Saturday, March 24, 2018

About a Girl

Last weekend I picked up my Au Sable Riverboat, "Summer," from winter storage.  There are few things in life better than hooking your boat trailer up for the first time in the spring and seeing that all of your trailer lights still work.  Driving her home, I got this feeling of completeness every time I looked up and saw her in the rearview mirror.  Patsy Cline's late 60's country hit, "Back in Baby's Arms," playing on the radio.

I got home, backed her up my driveway, manually pulled her off of the trailer hitch and walked her into the garage.  This means I'll be parking outside now, as my wife's car gets the other half.  And I'm ok with that.  After all, its the least I can do for her for letting me spend so much time with another girl. 

Yeah, I really love my Au Sable Riverboat. 

Its kind of funny how boats are usually feminine-- though I'm not sure I've ever heard a boat referred to as a woman, they're always girls.  Even more experienced boats aren't called women, but instead, "old girls."  If a boat isn't a girl, its neither masculine or feminine, but an "it," and usually named something funny or clever. 

Deep Ship
She Got the House
Whiskey Tango Foxtrot
My first boat was a Clackacraft 16' LP.  Right away I could tell she was a bad ass and needed an appropriate name to reflect her personality.  I named her Lagertha, after a famous viking shieldmaiden who "had the courage of a man, and fought in front among the bravest with her hair loose over her shoulders. All-marvelled at her matchless deeds, for her locks flying down her back betrayed that she was a woman." 

I took that Clacka places a 16' driftboat had no business being and had a ton of fun in her, but sold her and purchased a Stealthcraft Hooligan raft, another boat with a biker chick vibe which I named, "Lagertha II," who I sold to purchase my dream girl, an early 90's pinup Au Sable Riverboat I named, "Summer."

Summer was built in 1992 by Lacey Stephan in Grayling, MI.  She was his 13th boat built.  Some find that number to be bad luck, but I think its just more proof that we were fated to be together as my wife's lucky/favorite number is 13.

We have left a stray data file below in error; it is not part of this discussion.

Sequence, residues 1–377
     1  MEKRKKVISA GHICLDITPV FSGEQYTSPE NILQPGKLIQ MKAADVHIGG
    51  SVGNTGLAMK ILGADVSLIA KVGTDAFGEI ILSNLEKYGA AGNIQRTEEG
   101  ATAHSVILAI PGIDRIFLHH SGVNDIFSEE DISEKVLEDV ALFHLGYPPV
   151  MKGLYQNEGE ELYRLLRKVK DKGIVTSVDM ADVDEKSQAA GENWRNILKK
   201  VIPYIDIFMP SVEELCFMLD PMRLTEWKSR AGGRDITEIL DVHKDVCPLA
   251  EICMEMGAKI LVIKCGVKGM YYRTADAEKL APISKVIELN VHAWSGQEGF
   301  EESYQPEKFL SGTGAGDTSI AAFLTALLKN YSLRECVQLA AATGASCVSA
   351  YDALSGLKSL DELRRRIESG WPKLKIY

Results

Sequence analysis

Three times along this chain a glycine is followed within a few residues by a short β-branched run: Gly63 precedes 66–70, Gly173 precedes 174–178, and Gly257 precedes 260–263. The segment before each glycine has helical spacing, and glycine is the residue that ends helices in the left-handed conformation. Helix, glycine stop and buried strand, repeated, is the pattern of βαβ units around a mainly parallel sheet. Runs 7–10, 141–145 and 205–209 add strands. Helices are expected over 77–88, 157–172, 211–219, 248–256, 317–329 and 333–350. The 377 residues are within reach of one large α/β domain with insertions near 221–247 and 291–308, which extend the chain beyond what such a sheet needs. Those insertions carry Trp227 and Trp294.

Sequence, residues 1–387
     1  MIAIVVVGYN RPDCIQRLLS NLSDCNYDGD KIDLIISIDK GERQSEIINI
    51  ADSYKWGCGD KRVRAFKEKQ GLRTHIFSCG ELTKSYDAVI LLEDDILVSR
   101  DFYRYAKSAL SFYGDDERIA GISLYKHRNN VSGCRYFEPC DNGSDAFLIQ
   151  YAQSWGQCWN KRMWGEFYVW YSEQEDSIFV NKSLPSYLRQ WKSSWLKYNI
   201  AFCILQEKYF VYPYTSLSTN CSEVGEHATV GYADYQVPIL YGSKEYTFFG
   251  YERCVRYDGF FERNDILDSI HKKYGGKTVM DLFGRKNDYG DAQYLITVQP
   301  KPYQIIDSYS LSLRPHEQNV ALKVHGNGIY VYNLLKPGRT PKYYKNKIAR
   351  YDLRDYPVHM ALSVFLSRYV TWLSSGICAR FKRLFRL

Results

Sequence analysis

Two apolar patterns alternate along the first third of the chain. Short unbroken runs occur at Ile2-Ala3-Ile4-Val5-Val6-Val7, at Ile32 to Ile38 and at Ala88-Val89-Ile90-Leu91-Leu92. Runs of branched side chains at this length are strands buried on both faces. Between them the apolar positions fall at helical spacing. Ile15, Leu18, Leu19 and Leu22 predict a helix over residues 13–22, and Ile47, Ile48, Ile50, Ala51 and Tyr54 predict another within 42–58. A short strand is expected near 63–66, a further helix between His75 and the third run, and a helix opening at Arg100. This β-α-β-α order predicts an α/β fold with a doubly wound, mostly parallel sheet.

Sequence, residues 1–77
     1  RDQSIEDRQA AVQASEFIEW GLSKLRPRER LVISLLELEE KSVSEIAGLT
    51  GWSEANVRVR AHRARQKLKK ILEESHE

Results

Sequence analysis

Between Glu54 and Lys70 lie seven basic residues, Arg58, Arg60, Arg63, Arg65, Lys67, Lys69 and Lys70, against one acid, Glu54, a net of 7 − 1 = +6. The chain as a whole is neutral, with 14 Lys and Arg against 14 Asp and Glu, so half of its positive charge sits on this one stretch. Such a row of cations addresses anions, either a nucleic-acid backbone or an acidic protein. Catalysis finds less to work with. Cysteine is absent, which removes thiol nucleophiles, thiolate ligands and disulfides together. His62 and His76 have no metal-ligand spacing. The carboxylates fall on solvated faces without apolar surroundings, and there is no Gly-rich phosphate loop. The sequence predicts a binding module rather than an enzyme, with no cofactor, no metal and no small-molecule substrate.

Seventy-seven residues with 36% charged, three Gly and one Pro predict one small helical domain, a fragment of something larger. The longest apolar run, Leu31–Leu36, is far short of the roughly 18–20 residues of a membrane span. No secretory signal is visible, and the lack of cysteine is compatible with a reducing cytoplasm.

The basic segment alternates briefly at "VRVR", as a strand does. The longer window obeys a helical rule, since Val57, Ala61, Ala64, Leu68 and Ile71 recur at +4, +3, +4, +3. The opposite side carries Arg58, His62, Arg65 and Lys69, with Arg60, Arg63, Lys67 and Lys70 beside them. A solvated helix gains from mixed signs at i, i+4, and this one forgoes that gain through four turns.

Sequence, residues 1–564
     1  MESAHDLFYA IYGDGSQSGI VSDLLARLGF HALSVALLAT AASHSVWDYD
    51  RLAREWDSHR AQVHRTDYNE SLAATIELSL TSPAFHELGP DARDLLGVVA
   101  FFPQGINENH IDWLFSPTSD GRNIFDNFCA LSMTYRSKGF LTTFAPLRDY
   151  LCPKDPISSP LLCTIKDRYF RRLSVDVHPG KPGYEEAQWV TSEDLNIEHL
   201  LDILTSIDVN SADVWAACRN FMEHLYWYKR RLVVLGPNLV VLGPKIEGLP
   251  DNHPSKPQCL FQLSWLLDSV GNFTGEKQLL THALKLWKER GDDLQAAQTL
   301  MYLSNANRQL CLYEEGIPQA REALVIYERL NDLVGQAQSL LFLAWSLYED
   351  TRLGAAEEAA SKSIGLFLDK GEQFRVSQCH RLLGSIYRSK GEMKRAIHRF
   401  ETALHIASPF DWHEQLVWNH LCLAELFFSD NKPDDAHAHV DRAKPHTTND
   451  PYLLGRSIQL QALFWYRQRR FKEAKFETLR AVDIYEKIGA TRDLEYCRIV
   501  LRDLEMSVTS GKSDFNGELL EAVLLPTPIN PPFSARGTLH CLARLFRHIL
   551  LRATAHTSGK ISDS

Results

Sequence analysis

Lacey built her for the Mason Griffith Founders Chapter of Trout Unlimited's banquet that year, where she would be raffled off to someone who purchased a single $20 raffle ticket.  That lucky someone turned into a client when I was guiding a couple years ago on the Black.  Ironically, I remember him mentioning that he had an old Au Sable Riverboat on the first trip I had him on, and that he was thinking about doing something with it as he preferred to be the one fishing, not steering the boat. 

He must have told the same thing to another local fishing guide who is wiser than myself, as he ended up trading him 10 guide trips for the old girl.  Fate stepped in just hours after this deal had gone down when I messaged this other local guide and asked him if he knew anyone looking to buy a raft.  A little back and forth took place, and next thing you know, I'm picking up my first Au Sable Riverboat.

My close friends think I will turn around and sell Summer after this season, but I'm not so sure.  Our relationship is special.  There is something magical about going down the river in her.  Its so slow motion, you feel like you're moving back in time.  Her quietness occasionally interrupted by the ticks and scratches of the push pole contacting subsurface rocks and gravel, or the drag chain, which sounds like distant bells, intermittently whispering in the wind. 

When it came time to name my Au Sable Riverboat, "Lagertha III" just didn't fit.  This boat wasn't going to be getting portaged through backcountry cedar swamps, or over log jams, or raced down the Sturgeon to heavy metal.  No, she would be used in the quiet waters of the upper Au Sable, and other similar streams, mostly to rising trout and bird music.

I still need to put a fresh coat or two of spar varnish on her, but its still too cold for that.  We'll hit the river for the first time of the season this morning.  I'm not planning to fish, but just want to go down the river for a few hours.  But I'll bring a rod and a few flies along, just in case.

The first float of the year is a pretty happy time.  One year, we mocked elitist fly anglers everywhere by anchoring the boat in the middle of the Au Sable, just downstream from the put in, and played Ave Maria on a Bluetooth speaker while we smoked cigars and drank cheap blackberry brandy. 

I don't fish through the winters anymore.  There are better things to do, like trap beaver and snowshoe and tie flies.  Though the last few years, the snowshoes weren't really necessary.  Trout fishing is a summer thing for me now, so when it came time to name my new boat, Summer seemed appropriate. 

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